What will in­vestors look for in 2017?

With un­cer­tainty the or­der of the day, the in­vest­ment com­mu­nity is in­creas­ingly mov­ing to­wards cer­tain in­vest­ment ve­hi­cles to en­sure its cap­i­tal grows.

Finweek English Edition - - MARKETPLACE - *SOURCE: SPIVA Statis­tics and Re­ports. Fig­ures as at 31 De­cem­ber 2015 (net of fees) SOURCE: The As­so­ci­a­tion for Sav­ings and In­vest­ment South Africa (Asisa). edi­to­rial@fin­week.co.za This is an ex­tract from Winds of Change, the 2017 in­vest­ment out­look re­por

ohn Gilchrist and Grant Wat­son, bou­tique heads of cus­tomised so­lu­tions at Old Mu­tual In­vest­ment Group, gives five ideas in the com­pany’s 2017 In­vest­ment Out­look:

1. Cap­i­tal preser­va­tion and risk management

In­vestors are in­creas­ingly cau­tious against a back­drop of un­prece­dented po­lit­i­cal un­cer­tainty and fi­nan­cial mar­ket volatil­ity.

Why?

Global and lo­cal macroe­co­nomic risks ap­pear to have been in­creas­ing at an alarm­ing rate, par­tic­u­larly over the past year. As a re­sult, ex­pect to see a con­tin­ued, sig­nif­i­cant in­crease in de­mand for risk management that goes be­yond the rel­a­tively sim­ple di­ver­si­fi­ca­tion of­fered by a bal­anced fund.

The 2008/09 fi­nan­cial cri­sis, dur­ing which the av­er­age bal­anced fund lost 22%, made it clear that di­ver­si­fi­ca­tion alone is in­suf­fi­cient to pro­tect cap­i­tal dur­ing a bear mar­ket.

In this higher risk en­vi­ron­ment, the ben­e­fits of cap­i­tal pro­tec­tion, and the sig­nif­i­cant ben­e­fits as­so­ci­ated with com­pound­ing off a higher base fol­low­ing a pe­riod of cap­i­tal pro­tec­tion, are front of mind for most as­tute in­vestors.

2. In­dex investing on the rise in South Africa

In­dex investing is in­creas­ingly seen as a vi­able, cost-ef­fec­tive in­vest­ment so­lu­tion for South African in­vestors.

Why?

Al­most 75% of South African eq­uity funds un­der­per­formed the S&P South African Do­mes­tic Share­holder Weighted (DSW) In­dex over five years.* This con­tin­ued un­der­per­for­mance has in­vestors look­ing be­yond just the ser­vices of ac­tive man­agers. Na­tional Trea­sury has been re­view­ing the cost of sav­ings and in­vest­ments in the re­tire­ment in­dus­try. Since in­dex investing is in­her­ently lower in to­tal cost, draft reg­u­la­tion pro­poses that all de­fault in­vest­ment port­fo­lios need to con­sider in­dex investing as part of their in­vest­ment strat­egy. Sig­nif­i­cant in­vest­ment flows are go­ing into funds that give in­vestors ex­po­sure to fac­tor investing/smart beta funds.

Why?

Re­search is de­mys­ti­fy­ing al­pha and re­veal­ing that much of it is in fact due to fac­tor ex­po­sures. In­vestors can get ex­po­sure to value, size, mo­men­tum and qual­ity fac­tors through cheaper, sys­tem­atic “smart beta” of­fer­ings. In other words, rather than pay­ing ac­tive man­agers high fees to out­per­form an in­dex, in­vestors can utilise com­bi­na­tions of smart beta funds to de­liver sim­i­lar gross re­turns, but at a lower cost. This has led to sig­nif­i­cant growth in smart beta investing, with ap­prox­i­mately $500bn in­vested in these strate­gies glob­ally (up from $50bn five years ago).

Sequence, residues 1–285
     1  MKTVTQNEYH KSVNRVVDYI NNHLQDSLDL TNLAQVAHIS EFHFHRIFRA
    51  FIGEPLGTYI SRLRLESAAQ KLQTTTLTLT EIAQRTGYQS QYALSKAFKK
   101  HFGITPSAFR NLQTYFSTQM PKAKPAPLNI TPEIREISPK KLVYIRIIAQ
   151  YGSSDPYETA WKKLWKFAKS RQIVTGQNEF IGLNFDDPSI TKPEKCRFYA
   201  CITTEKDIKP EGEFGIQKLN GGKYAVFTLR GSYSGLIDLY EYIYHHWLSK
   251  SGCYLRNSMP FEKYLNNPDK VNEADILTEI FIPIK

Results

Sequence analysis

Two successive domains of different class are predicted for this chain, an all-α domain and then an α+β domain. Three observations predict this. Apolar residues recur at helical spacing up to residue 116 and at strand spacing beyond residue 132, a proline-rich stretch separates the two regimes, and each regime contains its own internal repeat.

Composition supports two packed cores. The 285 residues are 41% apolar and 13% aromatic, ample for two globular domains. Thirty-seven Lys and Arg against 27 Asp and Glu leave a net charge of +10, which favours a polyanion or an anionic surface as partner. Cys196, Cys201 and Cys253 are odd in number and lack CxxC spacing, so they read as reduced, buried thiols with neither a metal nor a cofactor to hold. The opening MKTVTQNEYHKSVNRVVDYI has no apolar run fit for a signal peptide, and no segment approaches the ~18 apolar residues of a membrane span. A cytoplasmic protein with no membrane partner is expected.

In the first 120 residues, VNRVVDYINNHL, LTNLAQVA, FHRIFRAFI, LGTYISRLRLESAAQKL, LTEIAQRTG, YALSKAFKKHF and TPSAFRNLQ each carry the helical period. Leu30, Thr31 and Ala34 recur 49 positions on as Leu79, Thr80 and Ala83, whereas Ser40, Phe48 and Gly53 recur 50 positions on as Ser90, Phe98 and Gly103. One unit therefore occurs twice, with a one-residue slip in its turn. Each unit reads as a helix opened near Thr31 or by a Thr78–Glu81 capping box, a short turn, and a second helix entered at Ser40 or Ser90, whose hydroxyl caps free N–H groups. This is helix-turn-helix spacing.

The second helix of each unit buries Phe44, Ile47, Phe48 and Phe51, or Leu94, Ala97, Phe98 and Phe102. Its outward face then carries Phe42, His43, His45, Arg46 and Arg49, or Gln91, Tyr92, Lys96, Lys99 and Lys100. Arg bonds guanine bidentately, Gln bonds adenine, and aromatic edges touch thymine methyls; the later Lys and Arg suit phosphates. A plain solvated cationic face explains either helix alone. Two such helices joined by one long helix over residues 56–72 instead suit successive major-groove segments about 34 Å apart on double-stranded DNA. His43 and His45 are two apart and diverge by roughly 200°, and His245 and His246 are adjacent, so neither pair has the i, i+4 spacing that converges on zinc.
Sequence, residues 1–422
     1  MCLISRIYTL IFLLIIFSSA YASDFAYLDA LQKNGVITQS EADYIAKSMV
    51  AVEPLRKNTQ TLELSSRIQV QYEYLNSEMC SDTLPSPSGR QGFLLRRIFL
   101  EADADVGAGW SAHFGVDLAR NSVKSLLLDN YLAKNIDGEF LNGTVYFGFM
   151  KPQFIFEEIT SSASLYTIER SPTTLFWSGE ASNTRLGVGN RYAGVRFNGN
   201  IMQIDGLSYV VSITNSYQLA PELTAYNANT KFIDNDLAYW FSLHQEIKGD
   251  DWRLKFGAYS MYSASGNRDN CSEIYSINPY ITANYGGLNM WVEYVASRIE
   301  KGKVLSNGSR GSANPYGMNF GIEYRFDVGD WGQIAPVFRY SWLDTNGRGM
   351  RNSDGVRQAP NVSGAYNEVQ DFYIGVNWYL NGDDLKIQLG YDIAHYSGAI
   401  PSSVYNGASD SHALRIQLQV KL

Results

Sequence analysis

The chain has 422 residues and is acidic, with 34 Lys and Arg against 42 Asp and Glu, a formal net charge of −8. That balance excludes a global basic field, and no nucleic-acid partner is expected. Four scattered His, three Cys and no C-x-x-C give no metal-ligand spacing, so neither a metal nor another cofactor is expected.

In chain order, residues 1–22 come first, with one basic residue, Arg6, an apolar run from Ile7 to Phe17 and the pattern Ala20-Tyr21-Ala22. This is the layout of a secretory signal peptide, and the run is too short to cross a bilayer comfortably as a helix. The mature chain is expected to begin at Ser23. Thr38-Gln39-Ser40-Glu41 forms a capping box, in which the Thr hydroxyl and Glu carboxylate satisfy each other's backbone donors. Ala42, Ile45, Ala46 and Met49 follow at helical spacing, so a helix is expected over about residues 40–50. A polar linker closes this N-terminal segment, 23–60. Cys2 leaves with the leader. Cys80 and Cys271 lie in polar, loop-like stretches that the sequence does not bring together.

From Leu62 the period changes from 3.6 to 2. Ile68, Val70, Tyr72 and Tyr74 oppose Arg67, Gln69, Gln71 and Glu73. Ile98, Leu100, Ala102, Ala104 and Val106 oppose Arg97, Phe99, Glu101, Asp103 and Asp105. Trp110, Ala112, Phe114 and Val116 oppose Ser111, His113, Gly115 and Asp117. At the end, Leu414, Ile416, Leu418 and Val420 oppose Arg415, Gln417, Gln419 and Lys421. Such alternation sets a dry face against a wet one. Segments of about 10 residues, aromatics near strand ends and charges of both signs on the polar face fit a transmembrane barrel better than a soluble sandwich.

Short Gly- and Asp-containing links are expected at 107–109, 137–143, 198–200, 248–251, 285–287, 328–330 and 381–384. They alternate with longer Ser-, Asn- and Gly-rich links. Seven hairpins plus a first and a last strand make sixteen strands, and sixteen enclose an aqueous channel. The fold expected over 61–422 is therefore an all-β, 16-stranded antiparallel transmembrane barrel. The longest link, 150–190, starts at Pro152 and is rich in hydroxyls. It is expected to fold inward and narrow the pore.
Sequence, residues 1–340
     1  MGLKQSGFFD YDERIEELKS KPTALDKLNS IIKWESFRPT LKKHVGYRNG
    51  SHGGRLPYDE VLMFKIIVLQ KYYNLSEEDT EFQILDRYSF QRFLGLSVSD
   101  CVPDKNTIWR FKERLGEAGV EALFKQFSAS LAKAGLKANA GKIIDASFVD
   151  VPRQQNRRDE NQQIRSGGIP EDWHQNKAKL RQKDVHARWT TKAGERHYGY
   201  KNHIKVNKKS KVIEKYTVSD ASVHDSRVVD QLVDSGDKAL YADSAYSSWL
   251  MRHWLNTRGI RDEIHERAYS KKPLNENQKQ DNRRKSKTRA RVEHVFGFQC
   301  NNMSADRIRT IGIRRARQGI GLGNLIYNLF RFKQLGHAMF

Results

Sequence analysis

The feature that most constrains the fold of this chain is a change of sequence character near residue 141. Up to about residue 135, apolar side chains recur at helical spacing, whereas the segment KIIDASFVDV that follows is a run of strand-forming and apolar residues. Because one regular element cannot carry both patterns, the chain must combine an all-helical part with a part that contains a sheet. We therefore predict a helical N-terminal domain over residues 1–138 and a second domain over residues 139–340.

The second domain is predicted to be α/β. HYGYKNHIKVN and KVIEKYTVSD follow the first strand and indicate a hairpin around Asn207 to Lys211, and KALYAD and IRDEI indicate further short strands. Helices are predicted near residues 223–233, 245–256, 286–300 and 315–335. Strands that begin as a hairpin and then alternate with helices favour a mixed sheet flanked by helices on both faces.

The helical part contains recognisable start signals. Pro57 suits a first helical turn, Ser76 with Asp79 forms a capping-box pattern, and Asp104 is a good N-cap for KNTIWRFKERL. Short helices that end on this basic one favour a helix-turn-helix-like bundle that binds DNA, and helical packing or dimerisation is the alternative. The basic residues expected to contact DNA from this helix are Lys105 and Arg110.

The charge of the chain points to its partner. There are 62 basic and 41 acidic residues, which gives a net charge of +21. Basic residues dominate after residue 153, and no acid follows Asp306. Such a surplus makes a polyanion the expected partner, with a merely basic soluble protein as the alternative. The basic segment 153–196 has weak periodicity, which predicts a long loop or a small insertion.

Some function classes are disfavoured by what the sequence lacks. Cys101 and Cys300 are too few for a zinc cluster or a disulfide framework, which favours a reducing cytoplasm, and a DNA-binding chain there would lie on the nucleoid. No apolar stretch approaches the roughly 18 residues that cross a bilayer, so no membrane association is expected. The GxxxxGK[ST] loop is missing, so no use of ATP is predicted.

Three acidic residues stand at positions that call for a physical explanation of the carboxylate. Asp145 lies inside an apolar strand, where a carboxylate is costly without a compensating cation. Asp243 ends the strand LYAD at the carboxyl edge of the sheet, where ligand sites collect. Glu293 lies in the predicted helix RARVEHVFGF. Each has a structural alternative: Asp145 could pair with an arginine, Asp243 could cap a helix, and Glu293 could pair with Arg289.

We be­lieve there is space for pas­sive investing, smart beta and fun­da­men­tal ac­tive investing. A blended com­bi­na­tion of these three ap­proaches should de­liver the best net risk-ad­justed re­turns for clients. Blend­ing not only of­fers lower costs, but also cre­ates greater cer­tainty of out­come by re­duc­ing re­liance on ac­tive man­agers de­liv­er­ing on their al­pha ob­jec­tives. A blend­ing ap­proach also al­lows for al­lo­ca­tions to higher con­vic­tion fun­da­men­tal man­agers. More in­vestors are in­cor­po­rat­ing en­vi­ron­men­tal, so­cial and gov­er­nance (ESG) fac­tors into their in­vest­ment de­ci­sions – and this has pre­cip­i­tated the in­tro­duc­tion of ESG in­dices and prod­ucts in the mar­ket. Sus­tain­able/ESG investing is ex­pected to con­tinue to ex­pe­ri­ence sig­nif­i­cant growth in the next few years.

Why? 4. ESG in­vest­ment in­dices

In the past, so­cially re­spon­si­ble investing was syn­ony­mous with eth­i­cal investing, which in­volved ex­clud­ing “un­de­sir­able” sec­tors. The ap­proach has now changed from screen­ing out sec­tors that “do harm” to one that pro­motes sus­tain­able eco­nomic de­vel­op­ment by bal­anc­ing the needs of the planet, its peo­ple and the abil­ity for com­pa­nies to make a profit. This ap­proach makes good busi­ness sense. The numbers speak for them­selves: the UN Prin­ci­ples for Re­spon­si­ble In­vest­ment (UNPRI), an ini­tia­tive that pro­motes the in­te­gra­tion of sus­tain­abil­ity fac­tors into in­vest­ment de­ci­sions, has grown to 1 200 sig­na­to­ries rep­re­sent­ing as­sets worth more than $34tr. This is be­cause re­search and a num­ber of trend analy­ses have proven that pru­dent sus­tain­abil­ity prac­tices have a pos­i­tive in­flu­ence on in­vest­ment per­for­mance.

5. In­creased flows into multi-as­set class funds us­ing in­dex­a­tion/pas­sive build­ing blocks

In 2015, multi-as­set class strate­gies at­tracted more than half of the net flows of rules-based funds into the as­set management in­dus­try (R4.3bn of R8.1bn) – part of an on­go­ing trend. And all in­di­ca­tions are that this is set to con­tinue. Multi-as­set class funds are able to in­vest across the in­vest­ment land­scape and may in­clude eq­ui­ties, bonds and cash. This pro­vides a greater de­gree of di­ver­si­fi­ca­tion. Many in­vestors look to multi-as­set class funds to pro­vide a lower-risk in­vest­ment than a pure eq­uity fund, but with greater prospects for growth than a pure bond fund. The di­ver­si­fi­ca­tion through a multi-as­set class strat­egy also en­hances the po­ten­tial for investing in a best-per­form­ing as­set class while re­duc­ing the im­pact of a worst-per­form­ing as­set class.

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